Lent Day 34: John 9-10

I’ve heard a couple of debates hosted by Premier Christian Radio in the last couple of years around the idea of same-sex marriage. In both debates the same line was used at some stage by the person on the traditional side of the argument,

“Are you saying that 2000 years of biblical interpretation on the matter is wrong?”

Neither of the people defending same-sex marriage actually went as far as saying yes, even though that must surely have been their position to hold the ground that they did. I think the reason for this is that, by saying yes, they would have come across as arrogant and, possibly, heretical.

It’s one thing to challenge views where there has always been an element of debate and differing interpretations, but when you start arguing against seemingly universally held views, ones which theologians and leaders have agreed on for centuries, you find yourself on tricky ground. Arguing with people and ideas is easy, arguing with tradition is a different ball-game altogether.

I can understand this. If you start to try and break down those concepts, ideas, beliefs and traditions which have been held for a long time then at which point do you stop? Calling something “the thin end of the wedge” is a typical right-wing tabloid tactic in fighting against such things, but it’s a fair concern. There’s always the worry that, once one pillar falls, the rest of the house will soon crumble around your ears.

Of course, if that’s the case then the house, your faith, wasn’t built on strong enough foundations in the first place.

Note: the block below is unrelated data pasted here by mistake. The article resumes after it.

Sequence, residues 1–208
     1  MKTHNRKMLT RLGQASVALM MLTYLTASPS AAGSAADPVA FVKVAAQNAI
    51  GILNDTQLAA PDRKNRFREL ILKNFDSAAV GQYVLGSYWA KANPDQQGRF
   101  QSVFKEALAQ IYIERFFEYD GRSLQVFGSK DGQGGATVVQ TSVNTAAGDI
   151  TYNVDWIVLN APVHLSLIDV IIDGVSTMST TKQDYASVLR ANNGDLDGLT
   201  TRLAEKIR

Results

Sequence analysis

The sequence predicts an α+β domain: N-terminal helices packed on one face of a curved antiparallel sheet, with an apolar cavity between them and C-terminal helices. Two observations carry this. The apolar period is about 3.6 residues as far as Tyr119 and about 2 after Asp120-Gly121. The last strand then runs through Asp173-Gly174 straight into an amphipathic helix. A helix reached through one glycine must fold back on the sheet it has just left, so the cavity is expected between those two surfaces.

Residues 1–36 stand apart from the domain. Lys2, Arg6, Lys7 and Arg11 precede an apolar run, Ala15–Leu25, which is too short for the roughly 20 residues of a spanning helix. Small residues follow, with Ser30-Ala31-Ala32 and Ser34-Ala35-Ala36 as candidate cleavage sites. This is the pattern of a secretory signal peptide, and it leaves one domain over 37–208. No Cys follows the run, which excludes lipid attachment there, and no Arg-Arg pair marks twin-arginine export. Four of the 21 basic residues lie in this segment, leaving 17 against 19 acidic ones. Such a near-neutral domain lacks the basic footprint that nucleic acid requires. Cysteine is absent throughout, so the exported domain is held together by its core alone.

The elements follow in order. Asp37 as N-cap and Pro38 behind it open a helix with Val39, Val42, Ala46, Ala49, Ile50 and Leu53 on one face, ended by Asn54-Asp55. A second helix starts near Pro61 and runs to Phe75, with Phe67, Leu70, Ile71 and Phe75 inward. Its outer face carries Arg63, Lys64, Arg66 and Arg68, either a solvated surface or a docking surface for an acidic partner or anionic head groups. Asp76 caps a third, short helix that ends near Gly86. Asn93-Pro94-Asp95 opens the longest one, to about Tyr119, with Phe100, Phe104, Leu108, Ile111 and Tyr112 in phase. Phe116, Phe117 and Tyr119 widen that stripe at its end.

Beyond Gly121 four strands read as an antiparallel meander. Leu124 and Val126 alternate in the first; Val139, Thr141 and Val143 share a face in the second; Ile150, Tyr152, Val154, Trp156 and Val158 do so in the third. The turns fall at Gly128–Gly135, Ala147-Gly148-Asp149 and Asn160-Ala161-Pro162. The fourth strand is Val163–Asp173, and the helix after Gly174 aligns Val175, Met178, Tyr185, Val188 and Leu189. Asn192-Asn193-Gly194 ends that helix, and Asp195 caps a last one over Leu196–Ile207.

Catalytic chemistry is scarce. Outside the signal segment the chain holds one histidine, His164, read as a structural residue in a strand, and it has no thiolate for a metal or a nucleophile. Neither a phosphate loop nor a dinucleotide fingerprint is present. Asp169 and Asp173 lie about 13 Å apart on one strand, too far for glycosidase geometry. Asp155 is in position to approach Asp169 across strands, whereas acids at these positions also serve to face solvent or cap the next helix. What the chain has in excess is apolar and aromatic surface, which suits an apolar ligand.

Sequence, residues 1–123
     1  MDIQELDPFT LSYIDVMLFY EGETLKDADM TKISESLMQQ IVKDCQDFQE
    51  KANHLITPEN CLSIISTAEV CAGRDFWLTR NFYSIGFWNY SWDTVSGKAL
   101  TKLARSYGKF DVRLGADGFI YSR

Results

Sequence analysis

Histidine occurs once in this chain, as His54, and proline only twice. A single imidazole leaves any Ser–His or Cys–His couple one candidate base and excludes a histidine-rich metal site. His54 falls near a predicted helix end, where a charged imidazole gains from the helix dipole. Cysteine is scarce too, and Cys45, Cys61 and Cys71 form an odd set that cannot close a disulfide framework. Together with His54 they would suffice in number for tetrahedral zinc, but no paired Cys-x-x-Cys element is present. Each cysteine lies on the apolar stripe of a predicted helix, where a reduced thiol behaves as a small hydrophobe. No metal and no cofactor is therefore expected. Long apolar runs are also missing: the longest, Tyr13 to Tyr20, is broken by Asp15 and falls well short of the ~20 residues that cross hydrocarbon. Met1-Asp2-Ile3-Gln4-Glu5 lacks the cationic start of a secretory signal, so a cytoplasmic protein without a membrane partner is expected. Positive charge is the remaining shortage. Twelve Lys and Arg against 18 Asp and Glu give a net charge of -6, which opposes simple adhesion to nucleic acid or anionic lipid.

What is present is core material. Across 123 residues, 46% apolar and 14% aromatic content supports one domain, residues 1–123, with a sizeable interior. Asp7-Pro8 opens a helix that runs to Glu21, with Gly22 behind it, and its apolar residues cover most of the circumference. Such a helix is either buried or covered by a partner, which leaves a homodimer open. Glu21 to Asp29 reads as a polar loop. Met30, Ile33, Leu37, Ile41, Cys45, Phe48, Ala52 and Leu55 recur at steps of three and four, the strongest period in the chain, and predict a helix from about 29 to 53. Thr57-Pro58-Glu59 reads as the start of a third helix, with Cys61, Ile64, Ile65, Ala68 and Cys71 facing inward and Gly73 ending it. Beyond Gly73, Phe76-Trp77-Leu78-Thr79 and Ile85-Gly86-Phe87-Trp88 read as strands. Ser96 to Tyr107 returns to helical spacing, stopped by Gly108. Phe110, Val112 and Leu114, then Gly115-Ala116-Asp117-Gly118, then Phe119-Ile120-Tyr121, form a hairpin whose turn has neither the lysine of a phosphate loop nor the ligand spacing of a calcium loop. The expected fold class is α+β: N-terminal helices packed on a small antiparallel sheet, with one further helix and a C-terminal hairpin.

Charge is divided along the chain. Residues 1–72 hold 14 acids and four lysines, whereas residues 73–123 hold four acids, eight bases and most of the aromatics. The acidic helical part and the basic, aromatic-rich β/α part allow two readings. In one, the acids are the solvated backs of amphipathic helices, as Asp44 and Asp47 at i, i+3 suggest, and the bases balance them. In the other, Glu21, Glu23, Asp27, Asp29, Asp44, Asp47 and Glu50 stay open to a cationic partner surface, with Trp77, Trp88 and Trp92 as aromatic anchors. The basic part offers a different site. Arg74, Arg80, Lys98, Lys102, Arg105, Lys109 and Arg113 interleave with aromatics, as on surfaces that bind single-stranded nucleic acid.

And, of course, people get things wrong. It’s even the case that perceived wisdom handed down through the ages can be wrong; the Earth is flat, the Earth revolves around the Sun, the universe was created in seven days, left-handedness is wicked, slavery is acceptable and women should not speak in Church. These are all beliefs held for centuries, agreed by most, if not all, and justified by particular biblical interpretations. All of them have been challenged and, for the most part, all have now been abandoned as a greater understanding of God’s word is reached (with the exceptions of the seven day creation, which many still blindly cling to, and the minority who do not accept a woman’s authority to teach.)

However, in each case these were initially challenged by small groups of individuals, all of whom were condemned as heretics or evil. Their ideas and enlightenment took hold, however, as God spoke through them to more and more people until centuries of tradition were abandoned for God’s will.

And that is exactly what the blind man who Jesus heals went through,

“The man answered, “Now that is remarkable! You don’t know where he comes from, yet he opened my eyes. We know that God does not listen to sinners. He listens to the godly person who does his will. Nobody has ever heard of opening the eyes of a man born blind. If this man were not from God, he could do nothing.”  
To this they replied, “You were steeped in sin at birth; how dare you lecture us!” And they threw him out.” (John 9:30-34 NIV)

This man challenges the religious leaders, those whose teachings and views are held as the authority to be listened to by the majority of Jews of the time. He is told he is an arrogant sinner and thrown out.

But he’s right. Just because there is a perceived wisdom, or tradition, or interpretation handed down for years it doesn’t mean it can’t be wrong.

Regardless of your views on same-sex marriage, whether a particular position has been held for centuries by millions of biblical scholars or not cannot be a valid argument. People get thing wrong. Sometimes, the majority get things wrong.